Under current IRS policy, a taxpayer who sells his precious metals may end up with a capital “gain” in terms of Federal Reserve Notes and must pay federal income taxes on this “gain.”

But the capital “gain” is not necessarily a real gain. It is often a nominal gain that simply results from the inflation created by the Federal Reserve and the attendant decline in the Federal Reserve Note dollar’s purchasing power.

Under Rep. Mooney’s bill (which has already been cosponsored by two others), precious metals gains and losses would not be included in any calculations of a taxpayer’s federal taxable income.

“Inflation is a regressive tax that especially harms wage earners, savers, and retirees on a fixed income,” said Jp Cortez, policy director at the Sound Money Defense League. “We are encouraged that an increasing number of citizens, state legislators, and members of congress are taking action to address the evils of the Federal Reserve System.”

“The IRS does not let taxpayers deduct the staggering capital losses they suffer when holding Federal Reserve Notes over time,” said Stefan Gleason, president of a Money Metals Exchange, a precious metals dealer recently named “Best in the USA” by a global industry ratings group.

“So it’s grossly unfair for the IRS to assess a capital gains tax when citizens hold gold and silver to protect them from the Fed’s policy of currency devaluation.”

Rep. French Hill (R-AR) and Rep. Raul Labrador (R-ID) joined today as original cosponsors. The text of the bill can be found here.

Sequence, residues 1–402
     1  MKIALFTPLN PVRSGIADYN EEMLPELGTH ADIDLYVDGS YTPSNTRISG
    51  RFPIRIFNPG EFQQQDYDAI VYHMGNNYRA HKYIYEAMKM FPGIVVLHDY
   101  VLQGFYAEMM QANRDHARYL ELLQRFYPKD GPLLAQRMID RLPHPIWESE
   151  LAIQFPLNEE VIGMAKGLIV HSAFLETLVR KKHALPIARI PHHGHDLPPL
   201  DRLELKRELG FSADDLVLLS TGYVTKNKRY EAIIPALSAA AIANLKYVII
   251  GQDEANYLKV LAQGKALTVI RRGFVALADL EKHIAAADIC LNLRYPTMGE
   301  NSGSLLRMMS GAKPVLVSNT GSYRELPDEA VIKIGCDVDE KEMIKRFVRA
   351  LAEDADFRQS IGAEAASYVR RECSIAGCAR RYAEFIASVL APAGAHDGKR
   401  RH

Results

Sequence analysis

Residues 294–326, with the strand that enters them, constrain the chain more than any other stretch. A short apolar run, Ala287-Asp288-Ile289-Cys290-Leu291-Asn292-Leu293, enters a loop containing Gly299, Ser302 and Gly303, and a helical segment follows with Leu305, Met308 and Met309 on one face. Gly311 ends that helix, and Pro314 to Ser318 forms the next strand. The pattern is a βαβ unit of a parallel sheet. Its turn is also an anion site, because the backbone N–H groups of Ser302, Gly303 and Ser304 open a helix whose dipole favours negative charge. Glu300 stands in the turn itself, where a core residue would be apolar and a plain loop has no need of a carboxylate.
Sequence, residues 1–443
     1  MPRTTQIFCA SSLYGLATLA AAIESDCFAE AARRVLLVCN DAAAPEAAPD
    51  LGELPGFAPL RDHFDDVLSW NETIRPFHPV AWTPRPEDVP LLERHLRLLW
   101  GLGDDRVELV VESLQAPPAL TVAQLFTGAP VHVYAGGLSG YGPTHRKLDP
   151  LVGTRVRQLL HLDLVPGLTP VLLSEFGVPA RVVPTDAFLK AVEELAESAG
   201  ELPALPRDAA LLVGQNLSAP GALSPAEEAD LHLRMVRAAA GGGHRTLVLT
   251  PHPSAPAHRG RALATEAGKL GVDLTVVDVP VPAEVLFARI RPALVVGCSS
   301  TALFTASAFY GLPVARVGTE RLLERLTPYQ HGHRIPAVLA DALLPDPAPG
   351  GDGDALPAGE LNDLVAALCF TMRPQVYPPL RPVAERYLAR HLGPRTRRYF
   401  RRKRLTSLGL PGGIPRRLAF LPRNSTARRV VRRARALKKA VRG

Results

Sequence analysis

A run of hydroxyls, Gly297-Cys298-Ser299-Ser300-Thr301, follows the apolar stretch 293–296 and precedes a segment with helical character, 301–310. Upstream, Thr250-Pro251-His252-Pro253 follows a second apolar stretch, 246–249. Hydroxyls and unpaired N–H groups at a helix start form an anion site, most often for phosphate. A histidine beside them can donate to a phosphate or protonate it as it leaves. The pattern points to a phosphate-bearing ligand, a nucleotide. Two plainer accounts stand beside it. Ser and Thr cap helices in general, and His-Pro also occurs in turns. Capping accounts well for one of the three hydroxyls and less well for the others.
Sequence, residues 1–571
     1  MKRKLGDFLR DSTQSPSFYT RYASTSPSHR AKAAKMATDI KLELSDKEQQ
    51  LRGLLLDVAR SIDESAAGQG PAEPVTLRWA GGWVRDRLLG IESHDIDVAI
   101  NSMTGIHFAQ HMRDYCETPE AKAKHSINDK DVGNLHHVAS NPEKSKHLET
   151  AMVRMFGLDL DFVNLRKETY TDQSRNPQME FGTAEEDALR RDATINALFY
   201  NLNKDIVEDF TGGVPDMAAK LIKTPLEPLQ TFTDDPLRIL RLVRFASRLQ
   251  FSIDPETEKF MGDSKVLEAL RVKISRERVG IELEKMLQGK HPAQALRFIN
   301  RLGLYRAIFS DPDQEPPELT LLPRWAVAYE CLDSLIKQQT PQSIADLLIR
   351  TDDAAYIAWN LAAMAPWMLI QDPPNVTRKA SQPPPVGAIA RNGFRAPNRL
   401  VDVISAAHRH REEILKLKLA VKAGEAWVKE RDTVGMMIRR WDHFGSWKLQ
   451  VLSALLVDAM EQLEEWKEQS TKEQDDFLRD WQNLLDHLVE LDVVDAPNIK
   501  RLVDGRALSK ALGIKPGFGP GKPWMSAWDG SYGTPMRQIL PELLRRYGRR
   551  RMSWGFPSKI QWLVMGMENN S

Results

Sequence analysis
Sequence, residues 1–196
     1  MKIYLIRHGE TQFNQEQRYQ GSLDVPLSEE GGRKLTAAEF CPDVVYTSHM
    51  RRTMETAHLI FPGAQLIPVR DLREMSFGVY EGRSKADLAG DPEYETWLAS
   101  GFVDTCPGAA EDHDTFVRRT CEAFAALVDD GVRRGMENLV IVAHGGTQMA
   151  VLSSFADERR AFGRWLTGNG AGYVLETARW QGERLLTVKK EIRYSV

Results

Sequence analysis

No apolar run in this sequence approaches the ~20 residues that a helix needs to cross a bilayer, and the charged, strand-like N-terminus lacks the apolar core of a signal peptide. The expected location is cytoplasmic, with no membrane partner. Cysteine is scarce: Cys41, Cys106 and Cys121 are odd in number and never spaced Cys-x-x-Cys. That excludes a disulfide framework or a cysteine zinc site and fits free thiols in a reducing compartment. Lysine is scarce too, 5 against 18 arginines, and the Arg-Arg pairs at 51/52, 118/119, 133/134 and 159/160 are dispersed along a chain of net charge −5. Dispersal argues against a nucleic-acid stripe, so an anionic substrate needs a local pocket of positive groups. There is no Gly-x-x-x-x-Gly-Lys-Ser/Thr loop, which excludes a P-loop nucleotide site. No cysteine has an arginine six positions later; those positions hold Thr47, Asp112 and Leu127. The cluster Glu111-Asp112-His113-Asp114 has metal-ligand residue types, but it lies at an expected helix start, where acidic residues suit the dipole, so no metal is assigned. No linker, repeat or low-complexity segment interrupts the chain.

The Sound Money Defense League is a public policy group working nationally to bring back gold and silver as America’s constitutional money.  

Categories: Blogs, United States

A Simpleton Accuses

Libertarian Leanings - Fri, 2018-09-07 17:02 +0000

Let me start by saying that Michael Gerson is not a simpleton.  He can pinch-hit, though, until a real simpleton comes along.  Writing in the Washington Post Gerson takes a wild swing at President Trump and misses.  "We are a superpower run by a simpleton!"  Calling someone else a simpleton rarely works out well, and it doesn't seem to work well for Gerson either.  He writes:

Here is the increasingly evident reality of the Trump era: We are a superpower run by a simpleton. From a foreign policy perspective, this is far worse than being run by a skilled liar. It is an invitation to manipulation and contempt.

Pointing to the polls is the main response of Trump and his supporters. Whatever the president is doing, most Republicans want more of it.  As one apologist argues, “His [Trump's] personality is a feature, not a bug. Many Americans are comfortable with that.” Put another way, a motivated group of Americans — which largely controls the GOP nomination process — enjoys Trump’s reality-television version of presidential politics. And you can’t argue with the ratings.

I can and do. What we are finding from books, from insider leaks and from investigative journalism is that the rational actors who are closest to the president are frightened by his chaotic leadership style. They describe a total lack of intellectual curiosity, mental discipline and impulse control. Should the views of these establishment insiders really carry more weight than those of Uncle Clem in Scranton, Pa.? Why yes, in this case, they should. We should listen to the voices of American populism in determining public needs and in setting policy agendas — but not in determining political reality.